The ACT Magistrates Court ordered Peter Gargan to pay the costs of the Commonwealth Bank assessed at $3000 in respect of an information and Summons he filed against the Bank, and when he failed to pay those costs and the Bank issued a Bankruptcy Notice against him. He failed to comply with that Bankruptcy Notice and the Bank presented a petition for the sequestration of his estate. Peter Gargan opposed the making of a sequestration order and the matter was heard by Hely J in the Federal Court in Commonwealth Bank of Australia v Gargan [2004] FCA 707. It appears from the judgment of Hely J that the opposition to the position by Peter Gargan was based on the fact that the Bank owed him numerous penalties he had claimed against it totalling $104,000,000. His Honour first made reference to the judgments of Adams J in Gargan v Scott and Greg James J in Morisset v Mega-Market. His Honour then noted that Mr Gargan had commenced proceedings in the Supreme Court of Tasmania, supposedly on behalf of the State of Tasmania, to bring an indictment against the Bank for an offence under section 43 of the Crimes Act (Cth) and claiming a penalty of $104,000,000, and noted (at 18) that that was the same claim as was dismissed by the ACT Magistrate, and held to be an abuse of process by Greg James J. His Honour then went on to say (at 24):

“Adams J and Greg James J dismissed as an abuse of process the respondent’s broader claim against the CBA, and those decisions are a barrier in the way of the respondent’s contention that he has a genuine and serious claim against the CBA which is likely to succeed if he is permitted to litigate the claim.”

Hely J also concluded, by reference to a number of decisions including Hawkesbury City Council v Foster (1997) 97 LGERA 12 (at 30) that:

“These authorities support the conclusion drawn by the Law Reform Committee of South Australia referred to above that only offences created by statutes which expressly or by necessary implication provide for a Qui Tam action may be prosecuted by a common informer. The common informer must be able to point to a statutory provision which either ‘gives’ the penalty to the common informer, or creates a right to demand payment of the penalty.”

In relation to Mr Gargan’s claimed rights to institute private prosecutions his Honour said (from 33):

“The offence created by s 43 of the Crimes Act is an indictable offence (s 4G). However, it may be dealt with summarily if both the prosecutor and the defendant consent (s 4J). Section 13 of the Crimes Act enables ‘any person’ to institute committal proceedings in respect of an indictable offence, or proceedings for summary conviction in respect of offences punishable on summary conviction. The Director of Public Prosecutions may ‘take over’ any such proceeding: Director of Public Prosecution Act 1983 (Cth) s 9(5). Under s 69 of the Judiciary Act 1903 (Cth) indictable offences against the laws of the Commonwealth are to be prosecuted by indictment in the name of the Attorney-General of the Commonwealth or such other person as the Governor-General appoints in that behalf. Thus, it is at least doubtful whether the respondent could institute or maintain a private prosecution against the CBA in relation to the indictable offences particularised. In any event he has not done so.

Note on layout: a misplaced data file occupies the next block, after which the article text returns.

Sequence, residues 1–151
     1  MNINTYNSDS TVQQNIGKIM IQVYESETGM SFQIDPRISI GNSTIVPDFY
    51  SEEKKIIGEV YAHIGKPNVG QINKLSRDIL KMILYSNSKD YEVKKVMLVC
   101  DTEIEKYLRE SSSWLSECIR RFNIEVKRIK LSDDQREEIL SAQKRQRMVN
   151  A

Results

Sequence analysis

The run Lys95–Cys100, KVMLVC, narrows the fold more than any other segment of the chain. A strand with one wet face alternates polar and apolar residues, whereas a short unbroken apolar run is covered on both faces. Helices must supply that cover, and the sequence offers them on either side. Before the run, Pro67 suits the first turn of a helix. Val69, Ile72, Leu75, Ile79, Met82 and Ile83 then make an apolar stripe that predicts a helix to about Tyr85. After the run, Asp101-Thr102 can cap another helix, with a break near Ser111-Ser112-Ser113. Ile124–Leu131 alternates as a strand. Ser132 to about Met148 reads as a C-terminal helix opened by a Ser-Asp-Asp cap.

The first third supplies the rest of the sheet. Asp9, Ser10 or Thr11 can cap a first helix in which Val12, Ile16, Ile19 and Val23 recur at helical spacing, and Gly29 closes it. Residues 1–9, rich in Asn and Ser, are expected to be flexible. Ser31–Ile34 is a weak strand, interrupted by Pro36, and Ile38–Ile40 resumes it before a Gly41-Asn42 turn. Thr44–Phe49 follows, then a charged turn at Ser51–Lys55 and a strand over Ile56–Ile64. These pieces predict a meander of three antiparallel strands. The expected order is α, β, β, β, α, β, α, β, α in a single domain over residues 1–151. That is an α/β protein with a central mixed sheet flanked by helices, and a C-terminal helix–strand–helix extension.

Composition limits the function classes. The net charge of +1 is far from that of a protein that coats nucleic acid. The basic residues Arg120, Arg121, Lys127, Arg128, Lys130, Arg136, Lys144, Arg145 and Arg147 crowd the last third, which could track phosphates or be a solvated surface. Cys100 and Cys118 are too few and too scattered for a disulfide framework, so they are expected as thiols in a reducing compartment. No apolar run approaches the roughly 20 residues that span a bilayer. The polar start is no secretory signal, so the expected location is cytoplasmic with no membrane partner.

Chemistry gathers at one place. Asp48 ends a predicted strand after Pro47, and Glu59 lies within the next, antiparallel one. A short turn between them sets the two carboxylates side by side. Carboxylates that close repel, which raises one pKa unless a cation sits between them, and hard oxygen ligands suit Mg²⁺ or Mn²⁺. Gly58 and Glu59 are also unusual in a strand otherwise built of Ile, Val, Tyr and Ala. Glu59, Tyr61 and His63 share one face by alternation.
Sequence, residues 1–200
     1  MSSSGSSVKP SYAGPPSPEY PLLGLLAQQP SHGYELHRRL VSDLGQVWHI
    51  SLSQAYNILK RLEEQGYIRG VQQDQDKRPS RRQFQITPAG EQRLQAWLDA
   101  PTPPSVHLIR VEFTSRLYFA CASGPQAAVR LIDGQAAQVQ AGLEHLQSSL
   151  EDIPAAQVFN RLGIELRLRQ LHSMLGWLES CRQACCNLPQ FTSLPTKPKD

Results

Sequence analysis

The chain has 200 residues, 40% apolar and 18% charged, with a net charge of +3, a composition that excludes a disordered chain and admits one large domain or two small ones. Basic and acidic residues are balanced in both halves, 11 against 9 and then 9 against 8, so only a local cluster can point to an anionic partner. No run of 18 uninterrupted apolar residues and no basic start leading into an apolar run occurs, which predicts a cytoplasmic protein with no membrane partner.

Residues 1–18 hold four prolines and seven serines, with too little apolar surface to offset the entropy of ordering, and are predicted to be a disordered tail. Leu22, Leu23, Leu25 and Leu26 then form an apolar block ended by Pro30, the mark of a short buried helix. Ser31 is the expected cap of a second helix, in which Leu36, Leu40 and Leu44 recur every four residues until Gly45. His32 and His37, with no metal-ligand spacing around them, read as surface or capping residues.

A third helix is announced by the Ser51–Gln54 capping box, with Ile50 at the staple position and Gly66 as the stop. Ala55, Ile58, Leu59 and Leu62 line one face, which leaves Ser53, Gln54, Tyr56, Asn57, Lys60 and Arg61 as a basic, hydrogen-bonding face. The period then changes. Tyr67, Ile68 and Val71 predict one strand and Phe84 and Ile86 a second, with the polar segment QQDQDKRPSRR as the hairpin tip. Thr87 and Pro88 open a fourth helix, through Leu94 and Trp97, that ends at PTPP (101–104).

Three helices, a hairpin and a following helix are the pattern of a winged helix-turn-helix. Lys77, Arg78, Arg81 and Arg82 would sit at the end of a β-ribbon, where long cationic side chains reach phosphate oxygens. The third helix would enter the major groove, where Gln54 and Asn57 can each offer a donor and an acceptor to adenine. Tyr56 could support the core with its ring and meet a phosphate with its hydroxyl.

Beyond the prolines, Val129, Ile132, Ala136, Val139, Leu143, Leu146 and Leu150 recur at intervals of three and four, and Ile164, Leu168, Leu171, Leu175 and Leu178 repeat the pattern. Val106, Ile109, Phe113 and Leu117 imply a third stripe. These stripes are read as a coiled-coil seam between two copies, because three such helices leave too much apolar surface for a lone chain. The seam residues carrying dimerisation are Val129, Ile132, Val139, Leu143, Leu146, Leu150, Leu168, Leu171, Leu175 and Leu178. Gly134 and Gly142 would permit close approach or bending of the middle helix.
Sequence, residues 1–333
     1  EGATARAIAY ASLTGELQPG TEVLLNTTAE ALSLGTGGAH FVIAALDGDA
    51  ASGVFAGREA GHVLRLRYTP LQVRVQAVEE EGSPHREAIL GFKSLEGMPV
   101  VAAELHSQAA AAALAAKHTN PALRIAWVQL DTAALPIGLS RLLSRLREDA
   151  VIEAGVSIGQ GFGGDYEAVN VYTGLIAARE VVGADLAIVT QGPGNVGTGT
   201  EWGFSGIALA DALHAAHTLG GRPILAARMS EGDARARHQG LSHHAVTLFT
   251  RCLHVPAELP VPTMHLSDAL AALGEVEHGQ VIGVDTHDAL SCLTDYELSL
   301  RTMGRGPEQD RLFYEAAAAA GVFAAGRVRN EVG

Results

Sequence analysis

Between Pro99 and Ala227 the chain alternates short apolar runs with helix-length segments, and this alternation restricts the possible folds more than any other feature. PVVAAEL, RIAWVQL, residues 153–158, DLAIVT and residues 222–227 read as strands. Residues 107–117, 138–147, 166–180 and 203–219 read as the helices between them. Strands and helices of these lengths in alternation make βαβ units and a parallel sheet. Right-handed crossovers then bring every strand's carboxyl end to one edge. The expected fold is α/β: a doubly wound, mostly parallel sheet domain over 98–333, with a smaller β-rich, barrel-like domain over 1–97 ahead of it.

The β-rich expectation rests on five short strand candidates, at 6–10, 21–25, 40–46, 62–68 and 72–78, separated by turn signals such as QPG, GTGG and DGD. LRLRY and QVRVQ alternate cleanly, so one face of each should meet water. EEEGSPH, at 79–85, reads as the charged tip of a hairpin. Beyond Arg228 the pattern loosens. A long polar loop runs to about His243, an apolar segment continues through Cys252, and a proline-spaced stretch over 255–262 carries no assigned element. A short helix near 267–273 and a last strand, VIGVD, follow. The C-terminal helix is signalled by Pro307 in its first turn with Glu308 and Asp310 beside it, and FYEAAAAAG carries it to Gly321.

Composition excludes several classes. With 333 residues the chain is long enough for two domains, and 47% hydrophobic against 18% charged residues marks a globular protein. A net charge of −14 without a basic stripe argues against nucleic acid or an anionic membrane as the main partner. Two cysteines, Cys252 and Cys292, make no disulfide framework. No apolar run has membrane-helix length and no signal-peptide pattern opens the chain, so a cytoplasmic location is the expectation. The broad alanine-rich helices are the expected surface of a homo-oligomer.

If a body corporate is convicted of an offence s 4B of the Crimes Act provides the Court with a discretion to impose pecuniary penalties. But no Commonwealth law to which my attention has been drawn awards those penalties to a common informer, or creates a right in a common informer to demand payment of those penalties. Section 122 of the Fines Act 1969 (NSW) provides:

(1) This section applies where: (a) the Act imposing or authorising the imposition of a fine or other penalty does not make any provisions for its application when recovered, and (b) the prosecutor is not a police officer. (1) The Court to which proceedings are taken to recover any such fine or other penalty may direct that such portion of it (not exceeding one half) is to be paid to the prosecutor. (2) For the purposes of this section, fine does not included an amount of the kind referred in section 4(1)(e) or (f).

It may be that this provision is picked up by s 79 of the Judiciary Act . I will assume in the respondent’s favour that this is so as no detailed argument was advanced on the question. Even if it be so, s 122 merely creates a discretion in the Court to direct that a portion of a penalty is to be paid to the prosecutor, rather than creating any right in the prosecutor to receive or to recover any particular part of the penalty. Thus, it is also doubtful, that any part of any penalty imposed on the CBA if it were convicted would be payable to the respondent, even if the respondent could institute and maintain a private prosecution against the CBA.”

His Honour then concluded by saying (at 41):

“The respondent has misconceived his case and has proceeded on an assumption which the authorities referred to above confirm to be false; namely that he is entitled to commence proceedings against the CBA independently of the ordinary criminal process and obtain a moiety of the penalties to which he says the CBA is liable. The decisions of Adams J and Greg James J confirm that the respondent’s contentions in this respect are misconceived. If the respondent has any prospect of obtaining any share in any penalties which might be imposed on the CBA, should it ever be convicted of an indictable offence, it is only through the ordinary criminal process augmented, should the statute prove to be applicable, by s 122 of the Fines Act . However, as I have indicated there are substantial doubts as to whether and to what extent the respondent can either undertake or benefit from such a process. At best, such a claim is highly speculative, and falls well short of demonstrating sufficient cause for dismissing the Creditor’s Petition.”